JOHN SURTEES: A RACER PURE
This special interview is our tribute to the only world champion on two wheels and four, who died in March
“THEY DIDN’T LIKE ME BEING QUICK”
John Surtees: the only man to win world championships on two wheels and four. It’s a phrase so often used about one of motorsport’s greats that, as a descriptor, the words frequently cease to have any meaning. Perhaps it’s a function of longevity, the fact that in the decades since, no one has remotely come close to repeating so monumental an achievement.
The statistics, though, have imperious weight. At the age of 22 Surtees won his first 500cc championship. Two years later he won both the 500cc and 350cc championships and then repeated the trick in the following two seasons. He made 49 grand prix motorcycling starts, winning 38 times. On only four occasions did the podium elude him. Jumping to Formula 1
cars there were 111 starts, six wins, 24 podiums and the 1964 championship. It beggars belief. Yet as Surtees was always happy to relate, with a mischievous glint, it was all by chance.
“It started in 1959,” he said. “The idea of driving a car had been planted by Mike Hawthorn days before he was killed [in January 1959]. We were all together at a dinner, and out of the blue Reg Parnell came up and said: ‘Come to Goodwood, test this car.’ That was the Aston Martin DBR1. As it happened I was free.
“I went to see John Cooper because I decided that when I wasn’t motorcycle racing, I would do extra racing in a car. I went to buy a Formula 2 Cooper Climax, but John had arranged for Ken Tyrrell to be there and he said: ‘I’ve entered you in Goodwood. I’ve spoken to the RAC, they’ll watch you in practice, and if you’re any good they’ll issue you with a licence.’ That was it.”
No fanfare, no complex contractual wrangles, just a straight-up case of challenge – could Surtees compete on four wheels – and response – yes, he could. The recollection serves as a snapshot of Surtees’ view of racing as a world where the obviously best solution was the one to take; of often black-and-white absolutes. With hindsight he would admit that his inability to see shades of grey sometimes led to turbulence. First, though, was the thrill of the new. Surtees made his F1 debut at Monaco in May 1960.
“The world championship scene on four wheels was very different because I knew no one,” said Surtees. “So the big problem was that I hadn’t served any form of apprenticeship to know the people on or off the track. As a driver or rider you need to make instant assessments of how you deal with someone. I didn’t know the ones you could take liberties with, the ones you had to be careful with and the ones you could trust. That was a learning curve.”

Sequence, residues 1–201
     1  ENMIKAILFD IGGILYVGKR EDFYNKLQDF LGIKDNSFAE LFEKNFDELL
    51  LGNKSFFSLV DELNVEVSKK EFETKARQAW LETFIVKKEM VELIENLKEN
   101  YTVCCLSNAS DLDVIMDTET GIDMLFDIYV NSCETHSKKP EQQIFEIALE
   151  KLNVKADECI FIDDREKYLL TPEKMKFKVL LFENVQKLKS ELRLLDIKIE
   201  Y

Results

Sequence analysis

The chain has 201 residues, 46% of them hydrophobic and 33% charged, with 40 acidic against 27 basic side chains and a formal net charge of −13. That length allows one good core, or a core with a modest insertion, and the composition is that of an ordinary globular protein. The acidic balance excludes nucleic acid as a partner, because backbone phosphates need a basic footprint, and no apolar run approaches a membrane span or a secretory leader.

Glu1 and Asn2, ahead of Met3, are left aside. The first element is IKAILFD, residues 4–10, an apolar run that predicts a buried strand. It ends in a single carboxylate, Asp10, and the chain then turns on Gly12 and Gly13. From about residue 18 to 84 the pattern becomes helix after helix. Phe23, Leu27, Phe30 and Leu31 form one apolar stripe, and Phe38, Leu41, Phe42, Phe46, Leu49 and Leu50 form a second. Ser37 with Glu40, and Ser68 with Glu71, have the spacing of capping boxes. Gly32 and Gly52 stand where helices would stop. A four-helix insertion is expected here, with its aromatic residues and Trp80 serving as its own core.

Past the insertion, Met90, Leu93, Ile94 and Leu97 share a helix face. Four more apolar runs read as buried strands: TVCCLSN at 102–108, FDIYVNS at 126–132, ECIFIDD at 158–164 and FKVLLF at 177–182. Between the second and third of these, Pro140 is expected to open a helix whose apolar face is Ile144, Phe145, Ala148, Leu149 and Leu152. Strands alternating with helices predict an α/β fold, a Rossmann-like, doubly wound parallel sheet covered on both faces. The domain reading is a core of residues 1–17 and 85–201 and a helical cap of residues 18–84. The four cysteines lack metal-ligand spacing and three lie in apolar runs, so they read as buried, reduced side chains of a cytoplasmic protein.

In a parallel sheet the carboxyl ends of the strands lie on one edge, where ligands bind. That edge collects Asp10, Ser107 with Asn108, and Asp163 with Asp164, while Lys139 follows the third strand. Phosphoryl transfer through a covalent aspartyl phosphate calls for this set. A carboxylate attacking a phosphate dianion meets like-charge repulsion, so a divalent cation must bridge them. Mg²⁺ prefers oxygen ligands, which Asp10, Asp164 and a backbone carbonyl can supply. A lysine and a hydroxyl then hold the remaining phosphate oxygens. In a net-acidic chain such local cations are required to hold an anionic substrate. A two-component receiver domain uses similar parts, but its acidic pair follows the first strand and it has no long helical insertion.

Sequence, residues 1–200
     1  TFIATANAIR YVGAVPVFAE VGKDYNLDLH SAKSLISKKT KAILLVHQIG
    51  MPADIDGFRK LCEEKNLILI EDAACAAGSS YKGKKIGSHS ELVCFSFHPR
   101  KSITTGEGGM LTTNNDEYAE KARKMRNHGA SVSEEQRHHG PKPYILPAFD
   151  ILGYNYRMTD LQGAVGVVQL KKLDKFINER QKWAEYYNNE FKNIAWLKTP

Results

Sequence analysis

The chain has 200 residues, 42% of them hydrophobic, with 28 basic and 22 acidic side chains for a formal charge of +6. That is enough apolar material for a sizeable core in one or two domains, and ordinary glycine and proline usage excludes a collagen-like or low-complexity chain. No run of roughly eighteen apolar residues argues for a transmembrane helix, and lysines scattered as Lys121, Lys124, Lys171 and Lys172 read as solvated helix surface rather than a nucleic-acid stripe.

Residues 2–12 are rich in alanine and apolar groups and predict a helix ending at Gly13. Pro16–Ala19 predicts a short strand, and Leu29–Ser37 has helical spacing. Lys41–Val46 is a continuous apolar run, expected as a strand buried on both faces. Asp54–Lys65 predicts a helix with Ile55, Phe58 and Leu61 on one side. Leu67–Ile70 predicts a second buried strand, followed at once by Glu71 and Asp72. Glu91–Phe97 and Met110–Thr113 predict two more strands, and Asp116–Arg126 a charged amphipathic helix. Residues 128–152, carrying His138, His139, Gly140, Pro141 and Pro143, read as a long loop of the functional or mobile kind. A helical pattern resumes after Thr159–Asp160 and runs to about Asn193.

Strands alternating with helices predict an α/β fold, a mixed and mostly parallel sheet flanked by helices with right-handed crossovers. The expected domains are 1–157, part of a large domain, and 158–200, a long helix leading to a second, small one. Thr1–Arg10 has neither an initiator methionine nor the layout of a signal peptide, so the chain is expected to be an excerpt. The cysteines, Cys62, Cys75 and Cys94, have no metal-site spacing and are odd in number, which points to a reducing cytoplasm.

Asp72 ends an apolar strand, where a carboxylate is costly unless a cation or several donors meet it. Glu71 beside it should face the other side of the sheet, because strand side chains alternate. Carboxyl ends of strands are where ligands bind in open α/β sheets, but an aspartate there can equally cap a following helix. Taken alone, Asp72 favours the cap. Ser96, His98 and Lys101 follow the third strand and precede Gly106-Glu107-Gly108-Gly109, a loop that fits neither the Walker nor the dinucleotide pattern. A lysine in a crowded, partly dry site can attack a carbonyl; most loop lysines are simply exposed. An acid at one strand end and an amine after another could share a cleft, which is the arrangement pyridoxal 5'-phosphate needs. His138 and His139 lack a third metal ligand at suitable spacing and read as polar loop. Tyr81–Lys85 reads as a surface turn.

If Surtees was unsure of his rivals, they were equally mystified and in some cases resentful of an unproven rookie thrown in at the top.
“Generally, it was fine. They were top people actually – Graham Hill and a few others had a soft spot for motorcycles. I fell foul of Jo Bonnier, though. A bit of frustration came in the race in Belgium where I ran into the back of him. Some people who weren’t at the top of the grid didn’t like this new boy coming in and racing at the top. They didn’t like me being quick.”
Resentment, from one quarter in particular, came to a head at the end of the campaign, when Surtees admits emotion got the better of him.
“After the Tasman Series, Colin Chapman said: ‘John, I’ve decided I want you to lead the team,’ and told me I had my choice of team-mate. I respected [Lotus team-mate] Innes Ireland as a driver, but I wanted Jimmy Clark. I’d fallen foul of Innes when I first came into the team because he resented this new boy getting the same car as him. Jimmy and me gelled a little better.”
On the face of it, it appeared straightforward, but Surtees hadn’t reckoned on the reaction of Ireland. “I had this call from Paris, and Innes said: ‘You’ve stolen my drive. I’ve got a contract, which is firm.’ I told him: ‘Look, come back and see Colin and everything will be fine.’ We went back and Colin said, ‘It’s all set Innes, you’re fixed up to drive the same cars with BRP [British Racing Partnership]’, but Innes wasn’t having it.”
The wrangling was too much for Surtees. “I loved racing, the coming together between man and machine. I liked Colin very much but I’d come in for some stick and it was taking away that pleasure, so I walked away. Did I regret it? Later, yes. Maybe I should have been more like Ayrton Senna with regard to which car I sat in.”
Surtees moved from 500cc motorcycle racing (top) to a drive in a Cooper (above), before taking up an offer to join Colin Chapman’s Lotus, alongside Jim Clark (right)